• 2.1.3 Pre-qualification of potential suppliers

12

  • 2.1.4 Final choice

12

  • 2.2 Deterministic approaches

12

  • 2.2.1 Mathematical programming

12

  • 2.2.1.1 Data envelopment analysis

17

  • 2.2.1.2 Linear programming

18

  • 2.2.1.3 Integer programming

18

  • 2.2.1.4 Non-linear programming

18

  • 2.2.1.5 Goal programming

19

  • 2.2.1.6 Multi-objective programming

19

  • 2.2.2 Multi-attribute decision making approaches

19

  • 2.2.2.1 Analytic hierarchy process

22

iii

2.2.2.2

Analytic network process

22

  • 2.2.2.3 Multi-attribute utility theory

22

  • 2.3 Non-deterministic approaches

23

  • 2.3.1 Non-deterministic optimization methods

23

  • 2.3.1.1 Imprecise data envelopment analysis

26

  • 2.3.1.2 Stochastic/fuzzy integer programming

26

  • 2.3.1.3 Non-linear programming

27

  • 2.3.1.4 Stochastic/fuzzy multi-objective programming

27

  • 2.3.2 Non-deterministic multi-attribute decision making approaches

28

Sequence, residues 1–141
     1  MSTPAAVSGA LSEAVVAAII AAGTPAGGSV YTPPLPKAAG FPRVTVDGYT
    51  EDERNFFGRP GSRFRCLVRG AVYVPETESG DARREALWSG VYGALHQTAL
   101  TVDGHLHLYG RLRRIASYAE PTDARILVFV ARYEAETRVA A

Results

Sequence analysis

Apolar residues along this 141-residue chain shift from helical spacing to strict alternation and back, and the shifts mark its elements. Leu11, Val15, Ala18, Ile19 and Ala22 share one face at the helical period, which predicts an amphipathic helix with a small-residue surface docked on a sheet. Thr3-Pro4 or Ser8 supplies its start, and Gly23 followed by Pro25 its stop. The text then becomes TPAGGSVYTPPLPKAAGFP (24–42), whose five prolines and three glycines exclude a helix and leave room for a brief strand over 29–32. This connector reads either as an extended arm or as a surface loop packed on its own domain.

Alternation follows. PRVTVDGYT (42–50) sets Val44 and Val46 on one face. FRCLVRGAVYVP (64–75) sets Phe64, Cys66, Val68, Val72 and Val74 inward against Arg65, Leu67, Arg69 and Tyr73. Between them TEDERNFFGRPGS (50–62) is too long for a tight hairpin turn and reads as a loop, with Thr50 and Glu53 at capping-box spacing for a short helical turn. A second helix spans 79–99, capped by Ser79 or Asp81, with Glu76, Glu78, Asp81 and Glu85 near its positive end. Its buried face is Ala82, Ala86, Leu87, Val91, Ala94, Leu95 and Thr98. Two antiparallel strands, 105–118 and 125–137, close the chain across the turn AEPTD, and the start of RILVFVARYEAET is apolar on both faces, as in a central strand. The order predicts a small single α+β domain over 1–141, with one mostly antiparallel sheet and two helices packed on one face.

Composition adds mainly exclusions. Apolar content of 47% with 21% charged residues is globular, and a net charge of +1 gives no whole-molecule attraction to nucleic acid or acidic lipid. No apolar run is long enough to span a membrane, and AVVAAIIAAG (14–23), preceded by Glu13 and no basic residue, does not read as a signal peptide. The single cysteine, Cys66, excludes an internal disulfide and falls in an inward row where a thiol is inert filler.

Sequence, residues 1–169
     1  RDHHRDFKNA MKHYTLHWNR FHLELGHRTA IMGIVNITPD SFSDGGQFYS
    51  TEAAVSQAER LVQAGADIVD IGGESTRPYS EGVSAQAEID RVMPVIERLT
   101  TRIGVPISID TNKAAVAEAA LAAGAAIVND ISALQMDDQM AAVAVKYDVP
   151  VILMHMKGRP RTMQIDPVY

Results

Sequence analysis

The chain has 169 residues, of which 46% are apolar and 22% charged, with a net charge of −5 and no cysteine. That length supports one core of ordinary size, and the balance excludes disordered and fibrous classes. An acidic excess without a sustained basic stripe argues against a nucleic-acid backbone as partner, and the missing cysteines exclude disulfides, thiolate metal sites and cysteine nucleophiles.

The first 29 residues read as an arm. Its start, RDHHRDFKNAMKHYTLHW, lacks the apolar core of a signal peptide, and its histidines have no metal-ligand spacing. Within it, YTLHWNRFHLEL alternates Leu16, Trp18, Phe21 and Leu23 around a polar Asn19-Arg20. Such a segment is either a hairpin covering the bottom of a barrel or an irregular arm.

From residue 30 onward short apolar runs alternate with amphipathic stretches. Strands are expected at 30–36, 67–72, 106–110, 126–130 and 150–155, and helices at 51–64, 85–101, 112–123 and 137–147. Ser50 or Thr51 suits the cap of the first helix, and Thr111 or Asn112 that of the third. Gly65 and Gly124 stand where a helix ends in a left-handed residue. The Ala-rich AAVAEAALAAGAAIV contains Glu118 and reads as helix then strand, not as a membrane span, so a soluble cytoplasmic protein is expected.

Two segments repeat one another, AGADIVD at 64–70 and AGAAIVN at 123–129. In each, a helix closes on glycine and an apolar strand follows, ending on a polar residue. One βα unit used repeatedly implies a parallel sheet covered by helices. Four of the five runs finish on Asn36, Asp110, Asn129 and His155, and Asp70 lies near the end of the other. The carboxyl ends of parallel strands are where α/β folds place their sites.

• 2.3.2.1 Fuzzy analytic hierarchy process

34

  • 2.3.2.2 Fuzzy analytic network process

34

  • 2.3.2.3 Fuzzy TOPSIS

34

  • 2.3.2.4 Fuzzy VIKOR

35

  • 2.3.2.5 Fuzzy ELECTRE

35

  • 2.3.2.6 2-Tuple linguistic representation model

35

  • 2.3.2.7 Fuzzy balancing and ranking

35

  • 2.3.2.8 Fuzzy data mining

36

  • 2.3.3 Metaheuristic methods

36

  • 2.3.3.1 Genetic algorithms

39

  • 2.3.3.2 Ant Colony optimization

39

  • 2.3.4 Process capability indices based approaches

39

  • 2.3.5 Case-based reasoning

40

  • 2.4 Integrated approaches

41

  • 2.4.1 Optimization based integrated approaches

41

  • 2.4.1.1 DEA based integrated approaches

43

  • 2.4.1.2 Integer programming based integrated approaches

44

  • 2.4.1.3 Non-linear programming based integrated approaches

44

  • 2.4.1.4 Multi-objective programming based integrated approaches

44

iv

  • 2.4.2 Multi-attribute decision making based integrated approaches

45

  • 2.4.2.1 AHP based integrated approaches

48

  • 2.4.2.2 ANP based integrated approaches

50

  • 2.4.2.3 MAUT based integrated approaches

50

  • 2.4.2.4 TOPSIS based integrated approaches

51

  • 2.4.2.5 Fuzzy integral based integrated approaches

52

  • 2.4.3 Quality function deployment based integrated approaches

52

  • 2.4.4 Metaheuristic methods based integrated approaches

54